kwackers wrote:pwa wrote:The OP's Guardian article suggested that the driving force behind the EU taking a hard line with the UK was going to be the desire to stifle anti-EU sentiment within the remaining EU nations.
And what is anti-EU sentiment? What was it for us?
The idea that you can do just as well sorting out your own deals.
So rather than give us a cushy number in order to 'help us out' they're effectively saying "these are the rules you signed up for, have a nice day".
If it turns out worse for us who's to blame? Us.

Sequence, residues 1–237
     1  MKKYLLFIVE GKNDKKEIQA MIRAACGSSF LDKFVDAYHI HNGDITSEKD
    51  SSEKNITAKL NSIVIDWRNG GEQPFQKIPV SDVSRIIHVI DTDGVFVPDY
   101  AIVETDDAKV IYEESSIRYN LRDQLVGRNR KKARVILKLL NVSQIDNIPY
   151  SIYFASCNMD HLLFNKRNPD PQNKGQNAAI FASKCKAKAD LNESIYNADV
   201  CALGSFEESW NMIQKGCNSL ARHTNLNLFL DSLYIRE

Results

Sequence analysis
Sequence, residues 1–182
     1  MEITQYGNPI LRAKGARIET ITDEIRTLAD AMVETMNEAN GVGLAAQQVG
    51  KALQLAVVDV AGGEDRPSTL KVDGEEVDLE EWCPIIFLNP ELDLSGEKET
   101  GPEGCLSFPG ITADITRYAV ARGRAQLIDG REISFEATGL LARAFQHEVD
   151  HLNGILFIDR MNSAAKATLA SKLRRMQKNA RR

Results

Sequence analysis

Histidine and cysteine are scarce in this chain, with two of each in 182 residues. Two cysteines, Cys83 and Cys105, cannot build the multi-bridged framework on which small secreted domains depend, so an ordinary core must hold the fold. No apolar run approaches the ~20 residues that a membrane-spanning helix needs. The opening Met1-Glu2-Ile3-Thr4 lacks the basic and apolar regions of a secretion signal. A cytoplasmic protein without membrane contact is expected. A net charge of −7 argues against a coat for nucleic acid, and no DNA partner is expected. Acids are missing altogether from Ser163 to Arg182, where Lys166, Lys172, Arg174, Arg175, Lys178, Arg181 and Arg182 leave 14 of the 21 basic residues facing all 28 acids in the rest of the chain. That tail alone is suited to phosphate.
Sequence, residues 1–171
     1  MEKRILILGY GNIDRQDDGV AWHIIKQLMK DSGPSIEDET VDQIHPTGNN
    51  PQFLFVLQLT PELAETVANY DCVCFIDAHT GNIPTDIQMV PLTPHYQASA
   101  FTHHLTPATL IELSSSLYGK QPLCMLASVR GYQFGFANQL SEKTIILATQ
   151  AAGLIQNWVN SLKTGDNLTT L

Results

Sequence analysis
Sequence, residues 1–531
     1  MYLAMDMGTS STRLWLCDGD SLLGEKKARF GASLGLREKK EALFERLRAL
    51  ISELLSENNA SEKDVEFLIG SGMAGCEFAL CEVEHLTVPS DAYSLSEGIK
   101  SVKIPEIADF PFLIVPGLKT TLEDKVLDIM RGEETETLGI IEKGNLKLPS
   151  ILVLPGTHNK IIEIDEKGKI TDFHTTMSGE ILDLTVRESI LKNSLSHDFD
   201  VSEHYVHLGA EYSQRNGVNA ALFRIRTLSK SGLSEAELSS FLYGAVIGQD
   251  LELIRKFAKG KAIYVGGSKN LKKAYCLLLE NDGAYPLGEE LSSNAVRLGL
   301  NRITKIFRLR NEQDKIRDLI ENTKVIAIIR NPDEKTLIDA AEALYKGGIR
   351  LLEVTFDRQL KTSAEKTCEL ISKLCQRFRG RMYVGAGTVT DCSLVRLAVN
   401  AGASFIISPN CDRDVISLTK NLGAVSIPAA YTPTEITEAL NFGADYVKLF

If we make a success of it then perhaps the EU would be better broken up - but I'm not holding my breath.
I don't get this idea that they've got it in for us by not allowing us to sidestep the very rules that hold the EU together!
We helped form those rules, we obviously thought they were good at the time...
I'm not talking about us. I'm talking about what is left of the EU and how its leaders are trying to deter dissent among its own people. From a strictly commercial standpoint it is in the interest of the EU to maintain high levels of trade between the EU and the UK, with a minimum of obstacles. The only reason to impede trade is to deter separatist tendencies in the remaining EU states.